This technology was adopted in response to negative consumer opinion about the current ADAS systems and their accuracy.
The future of transportation is all-electric, just add vacuums and magnets.
Events held by Google engineers last week at the MU College of Engineering included resume and interview workshops and talks about life as a software engineer.
Camp COE offered events for students to get involved including zip-lining, paintball, a climbing wall and Tom-a-Hawk throwing.
This year, the college added a poster competition, featuring topics such as the detection of vocal fatigue, the selective removal of PPCPs and carbon nanotubes in fuel cell catalysis.
The team of civil engineers branched out into areas such as heating and ventilation, plumbing and irrigation, and electrical engineering to make a design for the Solar Decathlon.
Students pitched their ideas regarding a new fast-paced mode of transportation to Virgin Hyperloop One, the Missouri Innovation Center, Black & Veatch and Olsson Associates.
The fellowship is the result of a partnership between the MU College of Engineering and the Executive Women’s Forum.
The class encourages students to think using more divergent methods to find more than one solution to a problem.
Novashine not only increases whitening efficacy but lessens sensitivity with an LED tray that lights up when plugged into a smartphone.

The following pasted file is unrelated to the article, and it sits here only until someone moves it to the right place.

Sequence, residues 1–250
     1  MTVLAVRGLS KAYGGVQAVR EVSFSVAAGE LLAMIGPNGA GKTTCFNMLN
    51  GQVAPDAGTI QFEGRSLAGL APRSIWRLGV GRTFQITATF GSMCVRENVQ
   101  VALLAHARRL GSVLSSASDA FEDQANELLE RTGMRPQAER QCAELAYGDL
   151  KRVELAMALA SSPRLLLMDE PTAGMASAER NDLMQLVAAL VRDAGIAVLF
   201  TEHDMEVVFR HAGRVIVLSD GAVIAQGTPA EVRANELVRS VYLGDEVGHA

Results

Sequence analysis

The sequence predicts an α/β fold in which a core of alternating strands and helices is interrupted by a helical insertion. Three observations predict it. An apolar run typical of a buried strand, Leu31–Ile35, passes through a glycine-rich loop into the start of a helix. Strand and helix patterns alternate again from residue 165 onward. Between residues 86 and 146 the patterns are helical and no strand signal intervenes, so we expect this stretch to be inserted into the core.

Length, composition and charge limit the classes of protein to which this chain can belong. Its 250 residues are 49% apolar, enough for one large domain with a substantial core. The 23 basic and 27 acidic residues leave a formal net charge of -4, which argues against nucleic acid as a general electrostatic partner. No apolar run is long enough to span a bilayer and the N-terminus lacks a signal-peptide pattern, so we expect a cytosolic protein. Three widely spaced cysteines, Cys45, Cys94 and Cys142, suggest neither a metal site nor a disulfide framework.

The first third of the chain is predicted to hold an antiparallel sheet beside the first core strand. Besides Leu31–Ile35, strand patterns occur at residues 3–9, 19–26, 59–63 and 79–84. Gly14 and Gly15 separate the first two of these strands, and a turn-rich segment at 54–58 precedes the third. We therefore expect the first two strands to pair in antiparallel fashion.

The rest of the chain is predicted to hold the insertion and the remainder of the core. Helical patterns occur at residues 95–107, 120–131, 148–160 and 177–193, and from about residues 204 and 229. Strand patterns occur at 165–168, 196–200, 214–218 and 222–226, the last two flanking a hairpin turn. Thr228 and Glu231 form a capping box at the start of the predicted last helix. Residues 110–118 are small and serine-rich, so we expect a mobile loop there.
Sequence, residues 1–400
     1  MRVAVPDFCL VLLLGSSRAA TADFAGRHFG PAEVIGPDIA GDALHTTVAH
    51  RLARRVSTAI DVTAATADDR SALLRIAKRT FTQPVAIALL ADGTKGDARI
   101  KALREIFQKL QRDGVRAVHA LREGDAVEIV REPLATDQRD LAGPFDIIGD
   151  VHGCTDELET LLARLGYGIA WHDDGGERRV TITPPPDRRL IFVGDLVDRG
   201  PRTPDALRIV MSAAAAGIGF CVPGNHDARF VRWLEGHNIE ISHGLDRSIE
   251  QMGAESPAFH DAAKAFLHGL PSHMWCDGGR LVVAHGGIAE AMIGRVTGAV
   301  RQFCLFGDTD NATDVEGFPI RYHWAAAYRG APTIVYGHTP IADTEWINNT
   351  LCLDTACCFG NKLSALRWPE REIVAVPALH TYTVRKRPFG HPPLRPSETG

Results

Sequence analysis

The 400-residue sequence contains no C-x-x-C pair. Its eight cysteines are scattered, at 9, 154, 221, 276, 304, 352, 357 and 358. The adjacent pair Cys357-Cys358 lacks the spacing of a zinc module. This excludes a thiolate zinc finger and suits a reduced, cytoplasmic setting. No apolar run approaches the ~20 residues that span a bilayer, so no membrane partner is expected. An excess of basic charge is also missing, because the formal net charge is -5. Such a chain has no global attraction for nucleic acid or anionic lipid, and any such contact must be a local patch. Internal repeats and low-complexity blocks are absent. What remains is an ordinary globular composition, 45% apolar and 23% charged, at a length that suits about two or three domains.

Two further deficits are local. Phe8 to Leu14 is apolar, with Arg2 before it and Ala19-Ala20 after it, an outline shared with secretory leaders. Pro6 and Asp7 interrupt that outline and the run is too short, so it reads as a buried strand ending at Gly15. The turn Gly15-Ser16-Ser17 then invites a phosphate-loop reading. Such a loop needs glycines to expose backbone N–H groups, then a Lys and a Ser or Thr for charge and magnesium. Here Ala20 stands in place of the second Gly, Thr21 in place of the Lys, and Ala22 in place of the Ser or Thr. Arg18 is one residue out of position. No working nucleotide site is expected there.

The “Buckle Up Phone Down” campaign is designed to spread awareness about the dangers of distracted driving and not wearing seat belts.
NSBE president Walta Abraham: “It was a great opportunity because you got to learn from other engineers that have similar, yet different experiences on campus at the same time.”
A former colleague called former MU professor Galen Suppes’ behavior “frequently unprofessional and inappropriate.”
The study found that Memorial Stadium generates over 47 metric tons of waste over five games, most of which is unsold food from concession stands.
Beginning in October, College of Engineering students will have access to 15 new workstations through their coursework.
MU’s agricultural engineering department began in 1917, but no longer exists as a separate academic department.
Robert Naka attended MU after spending nine months in a Japanese internment camp during World War II.
Scholarships can only go so far — to truly help minority-group students, providing a supportive community is key.
Current engineering students have seen an improvement in the industry’s diversity.
The center is funded by an anonymous donation of $330,000.